Texas Transportation Commission approves $89 million for transit agencies across state

July 6, 2021
The amount is a combination of state and federal funds, which will benefit public transportation providers in rural, small urban and large urban areas.

The Texas Transportation Commission approved its largest one-time amount for transit agencies across the state.

The $89 million the commission authorized at its June meeting includes $35 million in state funding and $54 million in federal funding. The commission says the allocation will support equitable, reliable transit services.

“When most services shut down during the pandemic, these transit agencies continued serving thousands of Texans across the state,” said Texas Department of Transportation (TxDOT) Executive Director Marc Williams. “In a time when they were needed most, these agencies helped people get to jobs, groceries or the medical care they needed. This additional funding will continue to improve access for Texans, enabling TxDOT to fulfill our mission of ‘Connecting You with Texas.’”

These funds support rural and urban transit services in more than 96 percent of the state’s land area, serving 41 percent of the state’s population. TxDOT notes Texas transit agencies have worked diligently since the spread of the COVID-19 pandemic to maintain safe and reliable transit services throughout the state. TxDOT funding contributed to the nearly 20 million transit rides provided in Fiscal Year 2020, even during the pandemic.

“During the pandemic we saw how important these transit agencies are for many Texans, especially in the more rural regions of the state,” said Texas Transportation Commissioner Alvin New. “Transit can be a lifeline for many people, and I’m happy to see this amount of funding go to these communities.”

Out of the $54 million in federal funding to be approved, more than $10 million comes from the American Rescue Plan Act that was signed into law in early March 2021. The federal portion of the funding also includes more than $580,000 in residual Coronavirus Aid, Relief, and Economic Security Act funding, which was passed at the end of March 2020.

These funds also include more than $7 million for selected public transportation projects that address the needs of seniors and individuals with disabilities. There were 39 projects across the state selected in a competitive process to receive funding, including:

Valley Metro in the Lower Rio Grande Valley, which will be able to expand its transit service offerings with on-demand microtransit, increasing its flexibility in scheduling and routes and offering advance reservations to seniors and individuals with disabilities.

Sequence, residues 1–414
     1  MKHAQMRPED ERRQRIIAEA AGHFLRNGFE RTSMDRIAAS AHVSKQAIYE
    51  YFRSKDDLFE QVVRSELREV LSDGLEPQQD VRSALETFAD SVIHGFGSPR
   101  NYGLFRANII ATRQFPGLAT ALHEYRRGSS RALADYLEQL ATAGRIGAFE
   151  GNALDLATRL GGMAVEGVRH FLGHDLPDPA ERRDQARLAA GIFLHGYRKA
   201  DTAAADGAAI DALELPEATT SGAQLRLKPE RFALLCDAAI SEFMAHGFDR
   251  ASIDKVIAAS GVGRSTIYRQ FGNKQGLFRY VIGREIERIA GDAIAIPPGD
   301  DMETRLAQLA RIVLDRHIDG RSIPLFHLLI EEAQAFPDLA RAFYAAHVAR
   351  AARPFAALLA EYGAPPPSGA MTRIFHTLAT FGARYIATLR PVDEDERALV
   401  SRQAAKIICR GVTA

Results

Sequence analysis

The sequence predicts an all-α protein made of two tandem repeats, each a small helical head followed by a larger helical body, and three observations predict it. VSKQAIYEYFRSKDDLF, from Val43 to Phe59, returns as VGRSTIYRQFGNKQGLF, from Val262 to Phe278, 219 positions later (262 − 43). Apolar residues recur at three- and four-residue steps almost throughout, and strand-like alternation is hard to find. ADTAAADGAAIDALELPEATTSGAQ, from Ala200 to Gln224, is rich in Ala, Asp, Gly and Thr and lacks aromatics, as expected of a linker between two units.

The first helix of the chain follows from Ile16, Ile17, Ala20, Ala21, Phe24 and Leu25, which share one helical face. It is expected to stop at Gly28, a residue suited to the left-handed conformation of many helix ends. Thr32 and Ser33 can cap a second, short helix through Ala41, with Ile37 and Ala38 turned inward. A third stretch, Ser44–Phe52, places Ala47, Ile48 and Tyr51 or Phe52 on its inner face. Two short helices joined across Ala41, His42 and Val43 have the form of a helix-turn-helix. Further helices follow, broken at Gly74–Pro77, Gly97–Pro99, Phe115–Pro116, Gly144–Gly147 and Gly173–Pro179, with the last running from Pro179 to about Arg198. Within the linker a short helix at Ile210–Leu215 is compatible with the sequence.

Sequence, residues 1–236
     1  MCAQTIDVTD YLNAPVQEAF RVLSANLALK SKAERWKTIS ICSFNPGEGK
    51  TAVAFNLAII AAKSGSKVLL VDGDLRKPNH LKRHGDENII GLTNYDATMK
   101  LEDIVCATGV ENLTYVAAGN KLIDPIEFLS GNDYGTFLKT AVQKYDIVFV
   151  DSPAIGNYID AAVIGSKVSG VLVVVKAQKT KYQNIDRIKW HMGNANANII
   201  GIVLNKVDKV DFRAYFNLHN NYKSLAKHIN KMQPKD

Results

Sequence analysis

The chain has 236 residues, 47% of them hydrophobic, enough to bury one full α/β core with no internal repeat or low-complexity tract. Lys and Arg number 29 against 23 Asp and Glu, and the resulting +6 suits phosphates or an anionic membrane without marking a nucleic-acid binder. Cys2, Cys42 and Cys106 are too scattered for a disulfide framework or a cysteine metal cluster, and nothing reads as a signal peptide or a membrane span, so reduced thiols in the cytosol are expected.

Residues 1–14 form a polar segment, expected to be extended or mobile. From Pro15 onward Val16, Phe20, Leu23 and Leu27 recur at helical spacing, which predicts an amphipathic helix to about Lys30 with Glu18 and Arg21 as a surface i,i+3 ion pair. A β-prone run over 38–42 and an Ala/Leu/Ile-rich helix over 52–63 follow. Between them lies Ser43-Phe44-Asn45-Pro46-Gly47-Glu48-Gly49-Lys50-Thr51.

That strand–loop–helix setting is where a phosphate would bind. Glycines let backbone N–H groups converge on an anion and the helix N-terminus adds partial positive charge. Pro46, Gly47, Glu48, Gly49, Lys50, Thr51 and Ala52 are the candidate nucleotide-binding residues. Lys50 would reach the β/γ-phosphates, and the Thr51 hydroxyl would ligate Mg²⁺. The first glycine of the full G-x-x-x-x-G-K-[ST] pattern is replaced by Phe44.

Spartan Public Transportation in the Levelland area, which will be able to fill existing service gaps, maintain vehicles, pay mobility managers who help plan and manage trips and purchase four accessible replacement vehicles.

South East Texas Regional Planning Commission in the Beaumont area, which will use these funds to continue and expand its collaborative work with local transit agencies that provide seniors with curb-to-curb paratransit service to nutrition centers, Area Agency on Aging programs and foster grandparent programs.

The approved awards fund public transportation providers in rural, small urban and large urban areas. Funds can be used to support a combination of service and capital program expenses. Each transit agency determines specifically what they pay for with the funds they receive. A full list of agencies and communities that received funds is available through the TxDOT website.

About the Author

Mischa Wanek-Libman | Editor in Chief

Mischa Wanek-Libman serves as editor in chief of Mass Transit magazine. She is responsible for developing and maintaining the magazine’s editorial direction and is based in the western suburbs of Chicago.

Wanek-Libman has spent more than 20 years covering transportation issues including construction projects and engineering challenges for various commuter railroads and transit agencies. She has been recognized for editorial excellence through her individual work, as well as for collaborative content. 

She is an active member of the American Public Transportation Association's Marketing and Communications Committee and serves as a Board Observer on the National Railroad Construction and Maintenance Association (NRC) Board of Directors.  

She is a graduate of Drake University, where she earned a Bachelor of Arts degree in Journalism and Mass Communication with a major in magazine journalism and a minor in business management.